The research company found that investment in clean energy — including renewables, smart grid, efficiency, energy storage and electric vehicles — totaled $45.9 billion in Q3 2013, down 14 percent on the second quarter of this year and down 20 percent from the same period last year. Bloomberg said this makes it almost certain that investment for the year will be below the $281 billion reached in 2012, which was itself down 11 percent from 2011.
Bloomberg blamed cheap gas in the US, policy uncertainty in Europe, a plateauing of wind and solar investment in China and “general weakening of political will” – at least in part because governments are wrapped up in short-term domestic issues.
This conclusion won’t raise many eyebrows in the US, where the government shutdown is into its third week and where a pressing battle on the debt ceiling has pushed energy and environmental issues further to the back burner. As the stalemate drags on, the ability of either legislators or regulators to advance the clean energy economy continues to diminish.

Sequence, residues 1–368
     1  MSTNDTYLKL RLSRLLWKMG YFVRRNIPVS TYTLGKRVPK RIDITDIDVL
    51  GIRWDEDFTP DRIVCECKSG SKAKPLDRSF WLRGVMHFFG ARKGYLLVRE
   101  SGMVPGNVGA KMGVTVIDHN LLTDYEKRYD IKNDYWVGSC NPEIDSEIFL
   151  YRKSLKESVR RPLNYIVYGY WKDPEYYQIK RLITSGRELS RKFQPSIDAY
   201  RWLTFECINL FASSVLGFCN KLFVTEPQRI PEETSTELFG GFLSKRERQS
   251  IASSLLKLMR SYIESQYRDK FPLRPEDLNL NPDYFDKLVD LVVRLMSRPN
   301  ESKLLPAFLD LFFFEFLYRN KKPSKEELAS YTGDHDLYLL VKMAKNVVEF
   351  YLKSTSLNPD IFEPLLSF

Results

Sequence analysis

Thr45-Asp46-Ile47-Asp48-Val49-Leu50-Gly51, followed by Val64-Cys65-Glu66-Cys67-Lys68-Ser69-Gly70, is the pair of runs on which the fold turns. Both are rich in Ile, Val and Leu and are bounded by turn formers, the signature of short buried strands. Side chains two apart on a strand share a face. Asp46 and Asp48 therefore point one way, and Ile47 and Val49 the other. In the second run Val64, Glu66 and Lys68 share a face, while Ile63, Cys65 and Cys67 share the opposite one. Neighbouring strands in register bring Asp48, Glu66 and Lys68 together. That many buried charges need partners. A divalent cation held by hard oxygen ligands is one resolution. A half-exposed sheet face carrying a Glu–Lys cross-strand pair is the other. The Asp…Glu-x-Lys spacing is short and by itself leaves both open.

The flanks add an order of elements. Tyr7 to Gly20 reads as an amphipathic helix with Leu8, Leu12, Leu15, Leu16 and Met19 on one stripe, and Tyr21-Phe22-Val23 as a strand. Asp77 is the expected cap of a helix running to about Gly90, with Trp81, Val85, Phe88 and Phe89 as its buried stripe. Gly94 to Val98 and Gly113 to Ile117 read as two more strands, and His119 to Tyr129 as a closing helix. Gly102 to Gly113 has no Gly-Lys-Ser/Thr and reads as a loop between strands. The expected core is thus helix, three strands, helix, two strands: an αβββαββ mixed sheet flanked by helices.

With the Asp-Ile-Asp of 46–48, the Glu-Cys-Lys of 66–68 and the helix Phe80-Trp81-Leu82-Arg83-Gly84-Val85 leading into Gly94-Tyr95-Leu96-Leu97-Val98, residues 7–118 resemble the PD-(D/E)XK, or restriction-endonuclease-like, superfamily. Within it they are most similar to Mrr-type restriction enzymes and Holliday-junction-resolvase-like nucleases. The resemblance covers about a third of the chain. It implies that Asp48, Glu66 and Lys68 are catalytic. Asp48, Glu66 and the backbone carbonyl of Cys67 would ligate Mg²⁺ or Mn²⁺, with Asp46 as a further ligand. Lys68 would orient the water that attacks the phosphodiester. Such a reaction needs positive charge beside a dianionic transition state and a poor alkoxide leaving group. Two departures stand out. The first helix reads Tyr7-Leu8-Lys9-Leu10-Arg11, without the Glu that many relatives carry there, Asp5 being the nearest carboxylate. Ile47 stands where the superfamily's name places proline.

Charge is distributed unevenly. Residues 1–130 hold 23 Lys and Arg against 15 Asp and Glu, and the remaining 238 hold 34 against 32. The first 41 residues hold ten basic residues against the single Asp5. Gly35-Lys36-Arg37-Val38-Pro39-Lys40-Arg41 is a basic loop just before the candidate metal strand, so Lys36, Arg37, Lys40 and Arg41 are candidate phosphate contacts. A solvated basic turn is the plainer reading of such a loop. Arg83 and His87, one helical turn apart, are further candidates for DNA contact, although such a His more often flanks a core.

There is at least one bright spot in the clean energy investment picture. Bloomberg notes that investment in renewable installations of under 1 MW – mostly solar on residential and business rooftops – stayed level with the previous quarter in Q3, and only fell versus 2012 because of a sharp drop in PV panel prices. The existing economic conditions are sufficient for businesses to keep installing solar, for the time being. But in this constantly shifting market, regulators can’t take their eye off the ball for long.
Tamar Wilner is Senior Editor at Environmental Leader PRO.